Nothing better than exiting a major tourist attraction and finding any little trinket you could ever imagine for a "vedi good price madam".

Site number two of the day: Agra Fort. The historic (and current) base for royalty and military.

I have officially fallen in love with the ever so distinct Indian architecture. 

View of the Taj from the Agra Fort. 

Marble carving and stonework demo.

See all of the lovely circular brown disks on display? Cow pies. Used for fire fuel. 

One of my favorite photos of the day- a perfect glimpse of every day traffic. 

New Delhi time. Visited a number of archaeological sites, worship centers, 
and enjoyed a more laid back day.

Ah, the details. Really worked on taking the time to soak in even the smallest morsels of some of the sights we were able to visit.

Sam and our driver, Rajesh. "You can call me Raj."

Dinner with Praveen, our travel agent, and his beautiful family. 
A delectable meal and great end to our lovely trip.

Wednesday, March 14, 2012

Varanasi: Gateway to the Ganges

Varanasi: the first destination for our five day venture up north. Situated right on the Ganges river and most known for being the hub of Hinduism.

 After being picked up from the airport we were transported to this lovely alley where we maneuvered our way through the trash and ashes to our hotel on the river.

 Con of the day- missing Holi (color festival celebrated by Hindus). Huge bummer. But, in good news, we did enjoy seeing the aftermath of it all.

Holi powder in every direction.

These kind men gave us a token smudge of Holi on our foreheads while we were out exploring the neighborhood that evening.

 At the airport, in the shops, and on the streets- every good Indian exhibited a pinch of Holi in some way or another.

"Would you mind if I took your photo sir?" (grunt) "Very well then."

Enjoying the street vendor food. Nothing like a dose of deep fried deliciousness.

Varanasi is without question the dirtiest place I have experienced for the duration of my life.

Several of the Hindu pilgrims that had traveled to Varanasi cut their locks as symbol of gratitude.

Varanasi had such a tangible yet unique feel about it. It was eerie, intriguing, and bold. A friend from Rising Star told me that everyone leaves Varanasi feeling something about it. Truth to a T.
The scene at the Ganges was extremely interesting. Ghat after ghat after ghat. Ghat: "A broad flight of steps leading down to the bank of a river . . . used especially by bathers." 24 hours on a daily basis bathers enter the water via bathing ghats and bodies are cremated alongside the burning ghats. After the cremation is completed and the ashes are cooled, family members take the remnants and pour them into the Ganges. If, for a number of reasons, the person does not qualify for a cremation, their body is dumped directly into the Ganges. Seeing eight cremations at once- not exactly in conjunction with the activities that took place in Davis County while growing up. Eye-opening indeed.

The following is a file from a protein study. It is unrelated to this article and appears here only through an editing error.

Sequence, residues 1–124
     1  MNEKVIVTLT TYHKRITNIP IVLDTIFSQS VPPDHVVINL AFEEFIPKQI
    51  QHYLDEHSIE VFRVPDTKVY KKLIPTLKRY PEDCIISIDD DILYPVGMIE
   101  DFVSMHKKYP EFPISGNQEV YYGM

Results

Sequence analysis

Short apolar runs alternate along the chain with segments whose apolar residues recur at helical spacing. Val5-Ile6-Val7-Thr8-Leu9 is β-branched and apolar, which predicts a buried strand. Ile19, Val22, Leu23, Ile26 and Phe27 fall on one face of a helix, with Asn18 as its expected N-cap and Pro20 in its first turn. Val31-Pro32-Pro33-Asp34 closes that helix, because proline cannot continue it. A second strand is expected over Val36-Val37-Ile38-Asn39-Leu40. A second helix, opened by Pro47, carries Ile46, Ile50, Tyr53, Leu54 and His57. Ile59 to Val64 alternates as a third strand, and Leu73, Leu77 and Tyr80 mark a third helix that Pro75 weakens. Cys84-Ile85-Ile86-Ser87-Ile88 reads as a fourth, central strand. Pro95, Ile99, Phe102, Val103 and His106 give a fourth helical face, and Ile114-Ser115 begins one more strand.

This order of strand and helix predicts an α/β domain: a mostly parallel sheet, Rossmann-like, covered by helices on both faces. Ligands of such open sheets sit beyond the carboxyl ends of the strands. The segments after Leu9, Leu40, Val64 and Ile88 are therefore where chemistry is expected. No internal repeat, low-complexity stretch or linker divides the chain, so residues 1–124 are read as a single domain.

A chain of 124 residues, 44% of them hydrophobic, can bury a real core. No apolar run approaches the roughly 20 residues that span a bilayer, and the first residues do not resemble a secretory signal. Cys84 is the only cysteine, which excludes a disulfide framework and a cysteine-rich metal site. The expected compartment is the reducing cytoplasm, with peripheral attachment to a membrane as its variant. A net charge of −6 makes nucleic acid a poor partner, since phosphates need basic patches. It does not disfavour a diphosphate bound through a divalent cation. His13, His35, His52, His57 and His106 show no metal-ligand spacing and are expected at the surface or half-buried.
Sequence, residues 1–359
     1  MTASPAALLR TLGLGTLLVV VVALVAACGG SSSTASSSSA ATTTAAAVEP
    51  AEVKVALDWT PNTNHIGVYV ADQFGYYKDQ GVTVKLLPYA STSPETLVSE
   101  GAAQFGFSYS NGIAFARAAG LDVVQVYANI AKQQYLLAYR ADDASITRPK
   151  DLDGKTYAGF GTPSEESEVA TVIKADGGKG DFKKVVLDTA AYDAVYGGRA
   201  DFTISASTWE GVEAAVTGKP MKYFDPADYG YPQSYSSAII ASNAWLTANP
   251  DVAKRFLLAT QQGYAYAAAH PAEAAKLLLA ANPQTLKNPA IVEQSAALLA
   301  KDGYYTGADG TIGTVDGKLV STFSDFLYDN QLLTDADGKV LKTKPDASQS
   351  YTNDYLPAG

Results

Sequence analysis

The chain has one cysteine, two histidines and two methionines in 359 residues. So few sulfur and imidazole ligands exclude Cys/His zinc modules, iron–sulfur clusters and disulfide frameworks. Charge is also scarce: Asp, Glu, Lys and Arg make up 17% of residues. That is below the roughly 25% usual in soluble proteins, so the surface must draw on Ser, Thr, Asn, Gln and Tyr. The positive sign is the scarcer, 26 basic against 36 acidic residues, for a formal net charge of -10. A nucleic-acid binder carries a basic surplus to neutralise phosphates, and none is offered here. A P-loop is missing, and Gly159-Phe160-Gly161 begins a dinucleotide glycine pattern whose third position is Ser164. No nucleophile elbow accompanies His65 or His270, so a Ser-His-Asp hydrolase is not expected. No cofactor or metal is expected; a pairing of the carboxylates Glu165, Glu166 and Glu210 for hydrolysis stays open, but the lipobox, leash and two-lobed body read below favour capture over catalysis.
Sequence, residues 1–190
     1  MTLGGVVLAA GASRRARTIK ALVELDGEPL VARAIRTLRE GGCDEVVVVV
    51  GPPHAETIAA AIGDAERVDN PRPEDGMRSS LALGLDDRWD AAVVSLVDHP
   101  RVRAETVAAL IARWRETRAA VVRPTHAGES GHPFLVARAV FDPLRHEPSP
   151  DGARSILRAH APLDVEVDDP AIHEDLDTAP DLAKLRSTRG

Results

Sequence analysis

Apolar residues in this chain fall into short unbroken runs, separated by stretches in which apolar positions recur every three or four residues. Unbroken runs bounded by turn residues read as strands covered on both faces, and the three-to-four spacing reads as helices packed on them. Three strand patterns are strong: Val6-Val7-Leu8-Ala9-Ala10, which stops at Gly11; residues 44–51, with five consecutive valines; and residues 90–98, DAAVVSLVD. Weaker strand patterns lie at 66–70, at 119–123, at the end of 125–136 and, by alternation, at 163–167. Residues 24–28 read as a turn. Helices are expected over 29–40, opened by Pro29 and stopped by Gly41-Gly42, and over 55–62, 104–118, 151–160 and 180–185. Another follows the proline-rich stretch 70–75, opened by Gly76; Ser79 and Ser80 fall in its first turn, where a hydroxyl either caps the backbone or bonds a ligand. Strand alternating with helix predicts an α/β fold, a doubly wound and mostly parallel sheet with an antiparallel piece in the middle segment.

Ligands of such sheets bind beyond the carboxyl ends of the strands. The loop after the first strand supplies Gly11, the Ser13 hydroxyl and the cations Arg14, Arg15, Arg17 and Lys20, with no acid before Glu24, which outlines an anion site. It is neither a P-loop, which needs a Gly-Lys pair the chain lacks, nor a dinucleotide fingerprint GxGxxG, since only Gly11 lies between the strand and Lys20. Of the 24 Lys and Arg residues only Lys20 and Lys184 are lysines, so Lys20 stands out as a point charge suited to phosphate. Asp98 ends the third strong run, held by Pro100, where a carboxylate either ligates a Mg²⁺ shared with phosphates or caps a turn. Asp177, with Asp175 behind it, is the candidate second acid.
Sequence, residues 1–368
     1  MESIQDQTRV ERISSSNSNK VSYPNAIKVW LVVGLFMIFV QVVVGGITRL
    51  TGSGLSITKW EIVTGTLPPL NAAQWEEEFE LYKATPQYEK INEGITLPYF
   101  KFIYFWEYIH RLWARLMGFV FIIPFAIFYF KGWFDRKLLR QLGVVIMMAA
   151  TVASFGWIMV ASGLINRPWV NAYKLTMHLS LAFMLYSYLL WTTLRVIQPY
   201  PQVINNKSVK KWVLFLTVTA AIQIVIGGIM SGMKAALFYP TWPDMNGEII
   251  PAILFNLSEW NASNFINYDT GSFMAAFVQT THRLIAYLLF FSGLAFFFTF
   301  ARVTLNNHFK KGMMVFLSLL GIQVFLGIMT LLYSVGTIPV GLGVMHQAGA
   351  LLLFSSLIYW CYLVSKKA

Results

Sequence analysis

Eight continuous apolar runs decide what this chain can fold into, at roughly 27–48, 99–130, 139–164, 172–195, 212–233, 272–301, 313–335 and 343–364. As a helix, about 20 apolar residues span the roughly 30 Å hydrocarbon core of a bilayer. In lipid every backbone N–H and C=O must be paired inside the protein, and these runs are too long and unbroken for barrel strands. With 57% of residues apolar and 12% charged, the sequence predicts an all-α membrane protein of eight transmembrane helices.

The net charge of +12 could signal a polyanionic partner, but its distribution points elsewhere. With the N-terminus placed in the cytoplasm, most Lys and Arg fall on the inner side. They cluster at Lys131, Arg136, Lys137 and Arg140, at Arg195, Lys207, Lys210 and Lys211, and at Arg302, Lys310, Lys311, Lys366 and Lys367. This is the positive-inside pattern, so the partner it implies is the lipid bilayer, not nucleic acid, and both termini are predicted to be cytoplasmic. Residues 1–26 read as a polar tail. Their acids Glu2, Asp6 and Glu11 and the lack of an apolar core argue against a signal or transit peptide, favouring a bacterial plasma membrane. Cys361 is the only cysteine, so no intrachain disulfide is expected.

Watching some of the ritualistic Hindu practices. A very noisy and chaotic experience.

Day two. We began our morning amidst the Ganga (Ganges) at 6:15.

A group of men taking advantage of the "sanitation and cleansing" offered by the Ganges.

The women, washing and bathing as well. Indian gender motto = segregation in all things.
Kelli and I, getting prepped for a holy dip of our own.

Our trusty captain, easing us though the Ganga, one paddle at a time. 

Mind you, it was brisk and chilly on the morning of our holy dip. I was a tad bit hesitant to complete the cleanse but we all persevered and prepared to go under.

"Five dips- good. Seven dips- good. Nine dips- good. 101 dips- best!" Great advice from our guide. We stuck with option A. Imagine that.

One, two, dowwwwn we go.

These photos- the epitome of grace. 

*MY FAVORITE PHOTO OF THE ENTIRE TRIP* Please take a brief moment and appreciate.


Five dips completed. Hip. Hip. Hooray. And now cleansed of all bad karma.

It's a funny thing, being concerned about the man outside your window, when in fact it's a monkey.

Later that day, visited Saranath- the location where Bhudda gave his first sermon.

Enjoyed a variety of deliiiiiicious northern Indian cuisine all week long. 
I can now officially say that I am converted.

Said our goodbyes to Varanasi and boarded our ever so sketchy night train to Agra. One of the most unsanitary yet hysterical experiences of the trip.